Community, Springfield

Nuisance trees removed on 1st Street

SPRINGFIELD — Seven sweetgum trees were removed last week at 700 1st St. last week to make way for sidewalk replacement and new trees. The sweetgums have grown so large that they have damaged the sidewalk by raising panels and cracking parts of the walking surface, according to city officials.

“These trees have received many complaints due to their brittle nature and damaging effects on the infrastructure city-wide, which was the situation at the 1st Street location,” according to Ben Gibson, surface operations manager for the City of Springfield.

The Operations Division of Development and Public Works was contracted for the removal of the trees and is working with Park Place Town Homes for the replacement of the sidewalk.

“The property management at this location was in need of replacing/repairing the sidewalk abutting their property and restoring it to ADA compliance,” Gibson said. “The only feasible way to do this and ensure no further damage to infrastructure was to work through a process of tree removal and replacement.”

He noted that the City is not planting sweetgum trees anymore because they require a large area to grow.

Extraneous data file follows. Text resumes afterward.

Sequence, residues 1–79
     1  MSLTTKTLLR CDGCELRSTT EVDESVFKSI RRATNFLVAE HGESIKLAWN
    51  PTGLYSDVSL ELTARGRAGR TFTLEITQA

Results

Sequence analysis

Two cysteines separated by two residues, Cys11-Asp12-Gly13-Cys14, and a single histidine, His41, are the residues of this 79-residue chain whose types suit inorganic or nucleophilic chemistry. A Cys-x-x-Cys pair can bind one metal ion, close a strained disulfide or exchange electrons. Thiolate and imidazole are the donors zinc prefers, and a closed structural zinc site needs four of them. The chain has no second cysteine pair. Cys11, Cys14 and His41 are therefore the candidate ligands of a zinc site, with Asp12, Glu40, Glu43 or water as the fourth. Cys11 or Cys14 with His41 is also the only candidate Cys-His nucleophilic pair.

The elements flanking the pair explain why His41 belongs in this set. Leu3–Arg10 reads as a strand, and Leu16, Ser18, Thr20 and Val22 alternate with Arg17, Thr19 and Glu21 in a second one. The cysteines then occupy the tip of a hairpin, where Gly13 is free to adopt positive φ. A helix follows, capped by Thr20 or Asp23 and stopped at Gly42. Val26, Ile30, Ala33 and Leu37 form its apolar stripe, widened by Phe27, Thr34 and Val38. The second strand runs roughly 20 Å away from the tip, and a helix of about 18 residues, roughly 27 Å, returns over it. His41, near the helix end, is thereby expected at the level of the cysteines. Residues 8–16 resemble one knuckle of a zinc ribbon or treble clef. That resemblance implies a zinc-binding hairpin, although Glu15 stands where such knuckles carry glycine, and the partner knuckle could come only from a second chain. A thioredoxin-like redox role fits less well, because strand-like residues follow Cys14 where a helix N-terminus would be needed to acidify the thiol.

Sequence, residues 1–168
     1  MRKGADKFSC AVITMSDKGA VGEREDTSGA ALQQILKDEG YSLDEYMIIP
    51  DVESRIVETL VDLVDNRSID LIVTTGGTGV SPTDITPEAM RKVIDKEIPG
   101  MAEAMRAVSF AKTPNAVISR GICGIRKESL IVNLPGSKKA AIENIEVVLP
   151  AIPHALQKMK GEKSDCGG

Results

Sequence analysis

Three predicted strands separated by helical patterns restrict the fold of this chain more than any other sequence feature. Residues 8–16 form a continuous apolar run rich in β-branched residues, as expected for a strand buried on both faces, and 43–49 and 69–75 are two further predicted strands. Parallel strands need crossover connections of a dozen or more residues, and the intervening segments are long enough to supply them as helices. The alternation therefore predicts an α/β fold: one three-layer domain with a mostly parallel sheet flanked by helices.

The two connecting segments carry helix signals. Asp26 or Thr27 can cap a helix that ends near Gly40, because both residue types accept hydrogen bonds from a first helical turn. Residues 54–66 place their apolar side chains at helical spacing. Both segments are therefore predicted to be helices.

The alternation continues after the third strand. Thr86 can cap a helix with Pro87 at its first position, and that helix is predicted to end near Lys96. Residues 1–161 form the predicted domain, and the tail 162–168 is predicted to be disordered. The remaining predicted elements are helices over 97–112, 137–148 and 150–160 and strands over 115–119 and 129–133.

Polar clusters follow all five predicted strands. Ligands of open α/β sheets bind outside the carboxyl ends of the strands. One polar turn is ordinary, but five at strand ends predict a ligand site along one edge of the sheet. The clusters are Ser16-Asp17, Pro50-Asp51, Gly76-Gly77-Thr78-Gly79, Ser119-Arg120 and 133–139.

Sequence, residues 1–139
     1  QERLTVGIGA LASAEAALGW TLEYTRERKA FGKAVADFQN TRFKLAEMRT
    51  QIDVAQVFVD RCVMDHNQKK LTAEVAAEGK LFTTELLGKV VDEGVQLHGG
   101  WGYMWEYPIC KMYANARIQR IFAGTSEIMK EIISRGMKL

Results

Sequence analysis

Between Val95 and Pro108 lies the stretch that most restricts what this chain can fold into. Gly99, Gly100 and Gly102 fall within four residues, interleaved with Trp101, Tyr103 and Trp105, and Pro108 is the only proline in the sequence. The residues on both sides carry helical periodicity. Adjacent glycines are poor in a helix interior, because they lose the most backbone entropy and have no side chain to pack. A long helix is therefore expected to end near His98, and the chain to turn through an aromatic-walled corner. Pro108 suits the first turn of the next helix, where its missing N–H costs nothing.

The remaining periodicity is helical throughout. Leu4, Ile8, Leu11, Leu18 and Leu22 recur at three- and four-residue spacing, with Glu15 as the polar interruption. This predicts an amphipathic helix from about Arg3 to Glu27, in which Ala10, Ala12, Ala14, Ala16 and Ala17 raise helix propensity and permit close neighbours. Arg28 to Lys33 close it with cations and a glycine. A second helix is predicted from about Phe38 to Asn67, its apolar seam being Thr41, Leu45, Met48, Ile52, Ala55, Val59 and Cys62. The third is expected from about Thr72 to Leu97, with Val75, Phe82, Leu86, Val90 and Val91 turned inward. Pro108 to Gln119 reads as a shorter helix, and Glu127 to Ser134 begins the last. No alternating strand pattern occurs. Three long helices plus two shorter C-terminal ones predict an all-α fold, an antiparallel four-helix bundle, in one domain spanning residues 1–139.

“If they don’t have room to grow, the root system will start damaging sidewalks and street surfaces around them,” Gibson said.

Additionally, these trees were planted directly adjacent to a parking lot, and because the branches become brittle in sweetgums, they frequently drop branches on cars.

Gibson said that the trees will be replaced with a “more appropriate species” for the area in the dormant season after the sidewalk areas are reconstructed.

Area residents have complained about the trees being chopped down, noting a loss of much-needed shade and pleasant aesthetic, in addition to a loss of “a friendly and calming landscape” just across the street from Meadow Park.

Gibson said the City is not in the practice of removing trees just for the sake of removing them, and they are only removed when they pose an issue, are dead, or are dying.

“The city planted 100 trees last year in an effort to replace trees that were removed because of die off and also trees that came down during storms,” he said. “Additionally, we have many projects in the works to identify public trees in asset management programming so we can better understand how to serve the community with increasing the urban canopy.”

This project is being funded through a Community Development Block Grant (CDBG) to replace dead trees, trees that are damaging public infrastructure, and to increase Springfield’s urban tree canopy using tree equity mapping throughout all parts of the City.



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